As Syrian President Bashar Al-Assad's army regains control of Aleppo after opposition forces agreed to withdraw from the war-torn city, several shocking stories of human rights abuses are being reported and investigated by the U.N.
BBC News reports that although a deal was struck on Tuesday mediated by Russia and Turkey for a ceasefire in Aleppo to allow civilians to be evacuated in the midst of the five-year civil war, heavy shelling and fighting prevented many from fleeing.
"Many of these terrified civilians trapped in this hell hole, which now resembles Stalingrad at the end of its destruction, are children," former U.K. Cabinet Minister Andrew Mitchell said, according to The Mirror.
"They have few places to hide."
News agencies such as Aleppo24 have reported on stories of children being burned alive in violent clashes as rebels agreed to withdraw from Aleppo. The U.N. is reportedly now investigating accusations that the Syrian army executed as many as 82 civilians on the spot as they entered the city.
"We're filled with the deepest foreboding for those who remain in this last hellish corner," said Rupert Colville, spokesman for the U.N. High Commissioner for Human Rights.
"Yesterday evening, we received further deeply disturbing reports that numerous bodies were lying on the streets," he added. "The residents were unable to retrieve them due to the intense bombardment and their fear of being shot on sight."
Sections of Aleppo had been held by rebels since 2012, but this week the government's army has been making significant gains in recapturing the city.
A letter from a nurse trapped in Aleppo reveals that she decided to take her own life rather than face rape at the hands of what she called "Syrian army animals."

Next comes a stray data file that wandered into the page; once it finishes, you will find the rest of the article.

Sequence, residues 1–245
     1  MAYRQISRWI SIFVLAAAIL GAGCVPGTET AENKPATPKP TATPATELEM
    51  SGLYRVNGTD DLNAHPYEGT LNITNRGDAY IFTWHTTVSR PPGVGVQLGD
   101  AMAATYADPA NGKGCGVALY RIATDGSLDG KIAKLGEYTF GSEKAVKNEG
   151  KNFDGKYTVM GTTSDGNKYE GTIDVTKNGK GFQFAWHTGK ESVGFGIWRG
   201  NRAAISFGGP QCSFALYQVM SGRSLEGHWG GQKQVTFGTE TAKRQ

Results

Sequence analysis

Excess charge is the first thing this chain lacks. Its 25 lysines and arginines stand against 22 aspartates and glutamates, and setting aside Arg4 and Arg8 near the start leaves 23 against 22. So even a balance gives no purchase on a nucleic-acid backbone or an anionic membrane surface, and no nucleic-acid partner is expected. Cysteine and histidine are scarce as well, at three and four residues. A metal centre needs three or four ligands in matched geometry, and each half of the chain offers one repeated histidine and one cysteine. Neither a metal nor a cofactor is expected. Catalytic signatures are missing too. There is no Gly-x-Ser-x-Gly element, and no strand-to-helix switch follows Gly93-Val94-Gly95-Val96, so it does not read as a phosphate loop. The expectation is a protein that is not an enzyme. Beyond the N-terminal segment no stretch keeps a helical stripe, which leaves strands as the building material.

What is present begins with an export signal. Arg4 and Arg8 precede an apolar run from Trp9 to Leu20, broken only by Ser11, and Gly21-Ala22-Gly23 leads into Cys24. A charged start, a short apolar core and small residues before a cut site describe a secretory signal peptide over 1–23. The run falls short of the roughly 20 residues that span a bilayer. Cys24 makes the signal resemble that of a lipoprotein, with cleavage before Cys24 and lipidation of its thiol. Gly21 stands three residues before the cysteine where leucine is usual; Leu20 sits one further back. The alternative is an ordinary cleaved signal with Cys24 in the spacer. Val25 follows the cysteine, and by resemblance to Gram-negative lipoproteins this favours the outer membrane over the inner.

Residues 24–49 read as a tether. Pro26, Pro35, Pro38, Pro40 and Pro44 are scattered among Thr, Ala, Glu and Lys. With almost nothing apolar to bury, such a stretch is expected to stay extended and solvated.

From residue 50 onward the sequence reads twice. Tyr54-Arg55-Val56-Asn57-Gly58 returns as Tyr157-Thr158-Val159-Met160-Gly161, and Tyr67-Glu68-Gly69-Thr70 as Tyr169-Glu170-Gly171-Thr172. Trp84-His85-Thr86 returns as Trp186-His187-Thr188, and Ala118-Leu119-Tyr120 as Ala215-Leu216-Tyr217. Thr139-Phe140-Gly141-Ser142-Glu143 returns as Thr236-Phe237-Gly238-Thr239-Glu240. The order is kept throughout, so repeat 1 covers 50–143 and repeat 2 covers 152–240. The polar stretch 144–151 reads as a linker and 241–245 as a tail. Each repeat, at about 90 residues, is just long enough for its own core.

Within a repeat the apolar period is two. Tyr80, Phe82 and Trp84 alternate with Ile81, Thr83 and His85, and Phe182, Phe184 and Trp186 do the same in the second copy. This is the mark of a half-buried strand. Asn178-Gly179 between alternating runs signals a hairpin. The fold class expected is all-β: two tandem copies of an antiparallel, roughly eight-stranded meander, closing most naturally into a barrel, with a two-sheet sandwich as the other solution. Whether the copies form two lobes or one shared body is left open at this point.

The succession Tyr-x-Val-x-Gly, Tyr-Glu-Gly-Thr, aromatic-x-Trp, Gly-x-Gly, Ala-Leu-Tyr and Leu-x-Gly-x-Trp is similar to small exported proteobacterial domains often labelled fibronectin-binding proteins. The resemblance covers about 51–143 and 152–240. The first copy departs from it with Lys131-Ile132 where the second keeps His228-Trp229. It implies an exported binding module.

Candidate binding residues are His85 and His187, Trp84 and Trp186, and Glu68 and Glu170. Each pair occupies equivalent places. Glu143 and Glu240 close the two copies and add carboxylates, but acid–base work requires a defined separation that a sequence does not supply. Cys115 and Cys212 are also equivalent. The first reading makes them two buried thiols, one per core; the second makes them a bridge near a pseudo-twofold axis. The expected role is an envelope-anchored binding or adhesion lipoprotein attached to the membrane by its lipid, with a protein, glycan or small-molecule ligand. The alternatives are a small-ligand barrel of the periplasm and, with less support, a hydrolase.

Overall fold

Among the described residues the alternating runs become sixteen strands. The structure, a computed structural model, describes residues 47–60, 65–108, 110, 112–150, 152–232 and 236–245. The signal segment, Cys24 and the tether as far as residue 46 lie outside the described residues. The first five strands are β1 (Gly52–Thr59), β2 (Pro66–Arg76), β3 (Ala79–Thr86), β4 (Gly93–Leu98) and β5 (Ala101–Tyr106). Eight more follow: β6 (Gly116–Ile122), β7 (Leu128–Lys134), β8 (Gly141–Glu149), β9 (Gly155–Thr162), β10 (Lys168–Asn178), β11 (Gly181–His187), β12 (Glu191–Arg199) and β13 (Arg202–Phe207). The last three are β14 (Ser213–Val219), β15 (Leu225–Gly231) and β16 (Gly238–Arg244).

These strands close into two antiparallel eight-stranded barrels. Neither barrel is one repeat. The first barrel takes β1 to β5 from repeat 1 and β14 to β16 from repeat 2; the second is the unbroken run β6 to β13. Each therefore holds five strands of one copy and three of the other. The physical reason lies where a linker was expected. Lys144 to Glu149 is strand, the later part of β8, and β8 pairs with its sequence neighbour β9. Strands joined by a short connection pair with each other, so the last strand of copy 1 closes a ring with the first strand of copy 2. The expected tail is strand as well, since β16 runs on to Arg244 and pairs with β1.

"I am one of the women in Aleppo who will soon be raped in just moments. There are no more weapons or men that can stand between us and the animals who are about to come called the 'country's army.'
"I don't want anything from you. I don't even want your supplication, as I am still able to speak I think my supplication is going to be more truthful than what you say!" the woman wrote in part of her message, translated into English and shared by aid worker Abdullateef Khaled.
"I am committing suicide and I don't care if you say I am in Hell-Fire," the nurse wrote in her suicide note.
"I am committing suicide because I did not remain firm in my deceased father's home for all these years because his heart burned when he saw all those who left Aleppo."
Reports and accounts continue to be shared across social media of people trapped in Aleppo who are witnessing civilians being shot dead in the crossfire, with neither women nor children spared.
U.N. Secretary General Ban Ki-moon has condemned what he called the "atrocities against a large number of civilians, including women and children."
The International Committee of the Red Cross added that tens of thousands of civilians remain trapped in the city and "have literally nowhere safe to run."
"We urge the parties to consider the fate of civilians trapped by the ongoing fighting and do their utmost to spare and protect them," the ICRC said. "This may be the last chance to save lives."
As many as 250,000 civilians were thought to be left in the eastern section of Aleppo before the army's advance, according to Reuters.
Accusations keep flying in from both sides, with the Syrian army denying it has carried out killings or torture of civilians, while Russia, which is backing Assad's regime, has claimed that rebels "kept over 100,000 people in east Aleppo as human shields."